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And we bump into a fellow Kelantanese, who hails from just across the river from my own village in Kelantan (see previous STORY). Well, he’s now more than 1,000 miles from home, but that’s not uncommon for the Kelantanese.
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Feeling a tad bored, I pop outside just in time to catch this Blue-cladded Jesseltonian hurrying along. Only found in this part of Borneo.
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Next to the Philippines Market, we have the Dried Sea Critters Market.
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Uh-huh? No funny jokes allowed here.
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More of the stuff.
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And behind the market, you can get your fresh dried seafood, if there’s such a thing.
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Again, no funny jokes here.
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Remnants of some unlucky sharks.
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The usual suspects.img_4220.JPG

Next door is the Fruit Market – rambutans, mangosteens, mangoes, papayas, pomelos, chempedaks, …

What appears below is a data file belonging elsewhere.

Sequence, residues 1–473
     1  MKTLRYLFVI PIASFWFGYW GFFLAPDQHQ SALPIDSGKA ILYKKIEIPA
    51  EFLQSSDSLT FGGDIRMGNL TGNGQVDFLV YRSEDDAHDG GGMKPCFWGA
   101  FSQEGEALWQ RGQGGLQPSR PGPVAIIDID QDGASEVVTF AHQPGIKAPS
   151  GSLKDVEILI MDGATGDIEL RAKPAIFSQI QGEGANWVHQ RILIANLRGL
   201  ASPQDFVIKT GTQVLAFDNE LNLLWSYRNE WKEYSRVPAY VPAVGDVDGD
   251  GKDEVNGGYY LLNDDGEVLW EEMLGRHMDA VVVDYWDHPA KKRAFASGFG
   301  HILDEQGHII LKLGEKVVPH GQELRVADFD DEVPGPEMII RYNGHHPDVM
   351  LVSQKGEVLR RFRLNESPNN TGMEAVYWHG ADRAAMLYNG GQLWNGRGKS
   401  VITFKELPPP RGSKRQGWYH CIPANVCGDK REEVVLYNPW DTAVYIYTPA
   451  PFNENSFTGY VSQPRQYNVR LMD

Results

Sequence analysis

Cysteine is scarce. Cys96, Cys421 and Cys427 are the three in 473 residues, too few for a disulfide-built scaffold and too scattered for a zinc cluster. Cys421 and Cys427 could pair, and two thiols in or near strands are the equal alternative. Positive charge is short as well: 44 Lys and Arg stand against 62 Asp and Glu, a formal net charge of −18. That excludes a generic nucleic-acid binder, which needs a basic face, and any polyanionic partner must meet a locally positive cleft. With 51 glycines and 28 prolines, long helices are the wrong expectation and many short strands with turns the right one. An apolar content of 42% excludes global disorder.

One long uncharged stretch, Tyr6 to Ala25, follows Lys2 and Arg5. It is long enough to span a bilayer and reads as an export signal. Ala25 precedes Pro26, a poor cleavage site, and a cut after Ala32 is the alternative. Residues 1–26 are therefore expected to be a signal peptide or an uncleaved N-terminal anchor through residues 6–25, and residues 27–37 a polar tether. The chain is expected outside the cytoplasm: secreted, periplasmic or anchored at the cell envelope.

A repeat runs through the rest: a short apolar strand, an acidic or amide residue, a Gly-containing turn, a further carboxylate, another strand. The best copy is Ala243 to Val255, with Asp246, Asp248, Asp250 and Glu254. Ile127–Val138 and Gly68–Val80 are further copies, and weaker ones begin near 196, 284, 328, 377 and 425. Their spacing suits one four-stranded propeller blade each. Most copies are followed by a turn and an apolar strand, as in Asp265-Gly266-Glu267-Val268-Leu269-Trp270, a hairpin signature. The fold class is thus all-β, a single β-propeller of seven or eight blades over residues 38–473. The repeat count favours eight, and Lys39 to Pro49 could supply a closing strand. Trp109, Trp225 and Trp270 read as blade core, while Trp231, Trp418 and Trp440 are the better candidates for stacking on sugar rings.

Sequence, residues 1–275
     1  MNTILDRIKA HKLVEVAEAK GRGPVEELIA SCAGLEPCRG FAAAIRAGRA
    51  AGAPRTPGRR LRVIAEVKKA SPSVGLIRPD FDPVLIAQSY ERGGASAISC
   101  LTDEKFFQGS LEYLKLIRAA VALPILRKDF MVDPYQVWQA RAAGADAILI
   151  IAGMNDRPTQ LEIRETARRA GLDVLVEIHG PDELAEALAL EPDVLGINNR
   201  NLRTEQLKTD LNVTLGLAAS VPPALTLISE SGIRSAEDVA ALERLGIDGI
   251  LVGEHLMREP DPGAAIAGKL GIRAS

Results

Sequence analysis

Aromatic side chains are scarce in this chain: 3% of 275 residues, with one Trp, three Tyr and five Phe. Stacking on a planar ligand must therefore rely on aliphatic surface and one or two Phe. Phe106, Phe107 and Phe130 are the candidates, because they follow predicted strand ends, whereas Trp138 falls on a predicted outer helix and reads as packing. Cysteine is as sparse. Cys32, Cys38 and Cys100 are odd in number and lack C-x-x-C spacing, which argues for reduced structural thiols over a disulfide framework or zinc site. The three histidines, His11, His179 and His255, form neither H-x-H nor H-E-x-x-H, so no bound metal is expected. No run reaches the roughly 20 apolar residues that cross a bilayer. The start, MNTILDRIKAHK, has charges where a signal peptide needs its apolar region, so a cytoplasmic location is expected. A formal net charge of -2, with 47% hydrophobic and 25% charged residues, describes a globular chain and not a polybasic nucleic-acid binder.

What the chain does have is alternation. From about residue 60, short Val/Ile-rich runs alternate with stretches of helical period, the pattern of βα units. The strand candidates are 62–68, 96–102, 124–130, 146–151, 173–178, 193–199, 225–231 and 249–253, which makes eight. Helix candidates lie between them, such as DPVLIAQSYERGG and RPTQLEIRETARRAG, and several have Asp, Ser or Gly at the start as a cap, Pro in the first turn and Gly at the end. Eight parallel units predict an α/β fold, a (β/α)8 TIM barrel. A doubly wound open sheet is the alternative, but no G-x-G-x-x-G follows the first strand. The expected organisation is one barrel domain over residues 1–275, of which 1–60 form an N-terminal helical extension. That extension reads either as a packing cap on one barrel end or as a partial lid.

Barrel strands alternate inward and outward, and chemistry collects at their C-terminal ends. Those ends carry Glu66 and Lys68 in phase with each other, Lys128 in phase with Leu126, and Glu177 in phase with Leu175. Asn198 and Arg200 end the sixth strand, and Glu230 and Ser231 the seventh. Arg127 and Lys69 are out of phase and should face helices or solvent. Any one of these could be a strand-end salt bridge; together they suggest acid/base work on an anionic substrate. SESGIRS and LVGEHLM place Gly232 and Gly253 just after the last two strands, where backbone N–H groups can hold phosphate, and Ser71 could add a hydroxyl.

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… oranges, durians, and the curiously-named tarap, the reddish, big hairy fruits hanging from the poles. We’ll revisit tarap later, only found in the jungles of Borneo.
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After the Fruit Market, we come to the Main Market, selling foodstuff and groceries, and behind this market is the very interesting Fish Market. Sited at the sea, fresh seafood is landed here for immediate sale.
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Throughout the day, boats come here to unload their ocean catches, and straight to the market. How fresh can you get?
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Inside, it’s spick and span, well, almost.
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Slabs of tuna meat on sale …
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The Tuna Man.
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The Prawn Lady.
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At MYR10 a kg, these fresh sea prawns are a real bargain. After a prawn feast, better not check your cholesterol level.